Few things could be more exciting for geology students than getting to go on an actual fossil-hunting trip to the Badlands of Wyoming. And few things could be more disappointing than having a fossil-hunting trip get canceled due to a pandemic.

“We very rapidly retooled and did a virtual field course, which admittedly is something of an oxymoron,” says Scott Persons, assistant professor of geology, who was accompanied not by his students on his summer trip to Wyoming as planned, but by his wife, Amanda Kelley, assistant professor of biology, and graduate student Brad Thompson. “But we made it work by doing a lot of time lapse filming of excavations at different sites. We also brought a drone out with us and a fancy new portable 3D scanner to scan specimens.”

Talk about making the best of a Badlands situation.

Working out of the Paleon Museum just outside Casper, the team was there for a little over a week in early July. And, in addition to unearthing parts of a Triceratops, Persons discovered Tyrannosaur footprints, as well as those of a duck-billed dinosaur that’s most likely an Edmontosaurus.

“It really was an outstanding success, which frankly makes me a little disappointed we didn’t have students there to experience it firsthand,” says Persons, who also brought back a large sample of different dinosaur teeth in his carry-on (no, TSA did not have an issue with them). “But a lot of what we discovered is stuff that needs future work, too, so it’s opened up a lot of new lines of study.”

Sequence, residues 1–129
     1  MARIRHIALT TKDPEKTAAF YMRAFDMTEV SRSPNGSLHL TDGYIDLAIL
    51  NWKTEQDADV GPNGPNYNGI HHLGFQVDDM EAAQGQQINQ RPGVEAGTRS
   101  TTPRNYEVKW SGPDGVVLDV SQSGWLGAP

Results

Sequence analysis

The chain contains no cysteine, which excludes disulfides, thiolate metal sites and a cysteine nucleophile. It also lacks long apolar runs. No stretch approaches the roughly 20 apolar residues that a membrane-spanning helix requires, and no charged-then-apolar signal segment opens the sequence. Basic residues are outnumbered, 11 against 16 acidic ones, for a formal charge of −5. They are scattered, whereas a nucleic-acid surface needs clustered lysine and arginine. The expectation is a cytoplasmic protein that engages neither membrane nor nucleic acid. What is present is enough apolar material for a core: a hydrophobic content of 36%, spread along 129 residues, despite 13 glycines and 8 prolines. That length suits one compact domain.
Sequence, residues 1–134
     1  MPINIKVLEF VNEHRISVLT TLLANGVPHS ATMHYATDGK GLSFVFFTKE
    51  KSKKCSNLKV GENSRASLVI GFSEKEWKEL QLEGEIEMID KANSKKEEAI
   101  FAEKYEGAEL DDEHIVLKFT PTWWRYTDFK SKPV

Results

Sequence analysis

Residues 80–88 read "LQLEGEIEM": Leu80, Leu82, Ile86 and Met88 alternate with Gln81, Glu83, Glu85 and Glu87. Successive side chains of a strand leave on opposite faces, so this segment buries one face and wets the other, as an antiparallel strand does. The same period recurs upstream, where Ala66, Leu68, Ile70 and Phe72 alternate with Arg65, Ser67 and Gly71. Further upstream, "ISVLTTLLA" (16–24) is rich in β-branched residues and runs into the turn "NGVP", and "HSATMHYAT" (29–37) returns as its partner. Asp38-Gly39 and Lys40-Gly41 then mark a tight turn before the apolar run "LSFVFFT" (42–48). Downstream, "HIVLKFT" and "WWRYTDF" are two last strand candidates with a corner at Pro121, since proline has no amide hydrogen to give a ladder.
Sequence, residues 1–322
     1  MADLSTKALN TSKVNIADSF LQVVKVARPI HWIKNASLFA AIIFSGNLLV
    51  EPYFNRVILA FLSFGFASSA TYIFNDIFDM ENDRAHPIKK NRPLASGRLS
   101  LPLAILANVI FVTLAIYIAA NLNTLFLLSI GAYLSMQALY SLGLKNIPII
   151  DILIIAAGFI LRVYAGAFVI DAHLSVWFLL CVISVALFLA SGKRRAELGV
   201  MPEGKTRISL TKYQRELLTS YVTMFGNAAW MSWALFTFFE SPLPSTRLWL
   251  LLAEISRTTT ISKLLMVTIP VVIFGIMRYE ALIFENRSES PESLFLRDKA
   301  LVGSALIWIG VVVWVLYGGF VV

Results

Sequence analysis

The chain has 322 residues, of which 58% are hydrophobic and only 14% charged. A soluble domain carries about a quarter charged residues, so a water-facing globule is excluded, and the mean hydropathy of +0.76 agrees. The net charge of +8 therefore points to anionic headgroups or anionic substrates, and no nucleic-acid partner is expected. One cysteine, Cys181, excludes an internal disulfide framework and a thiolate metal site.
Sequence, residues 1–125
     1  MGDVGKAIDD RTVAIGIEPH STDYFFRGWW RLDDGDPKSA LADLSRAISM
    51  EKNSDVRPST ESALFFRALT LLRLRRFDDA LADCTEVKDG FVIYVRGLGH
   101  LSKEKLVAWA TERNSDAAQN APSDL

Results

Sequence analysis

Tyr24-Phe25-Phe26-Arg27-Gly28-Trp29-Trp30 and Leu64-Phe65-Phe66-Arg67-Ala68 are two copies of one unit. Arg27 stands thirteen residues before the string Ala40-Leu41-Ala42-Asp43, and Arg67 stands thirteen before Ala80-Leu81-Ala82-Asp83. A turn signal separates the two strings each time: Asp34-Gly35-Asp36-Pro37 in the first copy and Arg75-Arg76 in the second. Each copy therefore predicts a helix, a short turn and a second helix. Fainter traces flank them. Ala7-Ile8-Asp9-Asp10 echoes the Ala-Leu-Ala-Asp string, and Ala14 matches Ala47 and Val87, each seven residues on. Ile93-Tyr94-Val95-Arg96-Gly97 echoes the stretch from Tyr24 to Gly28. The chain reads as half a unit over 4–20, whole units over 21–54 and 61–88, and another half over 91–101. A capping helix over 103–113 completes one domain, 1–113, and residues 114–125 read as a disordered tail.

Raptor Skeleton

To make the online class as immersive as possible, Persons used a GoPro and his smartphone mounted on a tripod to record lectures of himself excavating the bones and footprints, as well as analyzing fossils back in the museum’s lab. Supplementing the lectures were quizzes and assignments like “Mystery Quarry,” where students had to infer a number of conclusions, such as how the bones came to rest there and whether the carcass was scavenged, based on fossil clues.

Another great thing to come out of the trip: the official partnership Persons developed with the Paleon Museum. CofC will now help helm paleontology fieldwork there.

“Future students will have the experience of working in the museum, in the preparation lab, and then head out to what amounts to the museum’s backyard, where there are multiple different digs going on,” says Persons, who’s had a relationship with the museum since he went on his first hunt there in elementary school. “The digs will give them exposure to a lot of different kinds of fossil hunting.”

The museum also made him its official research curator. “More than anything else, that shows that the museum is committed to having us back year after year to pursue other research projects,” says Persons. “And, at some point, that’s going to mean boots on the ground for CofC students.”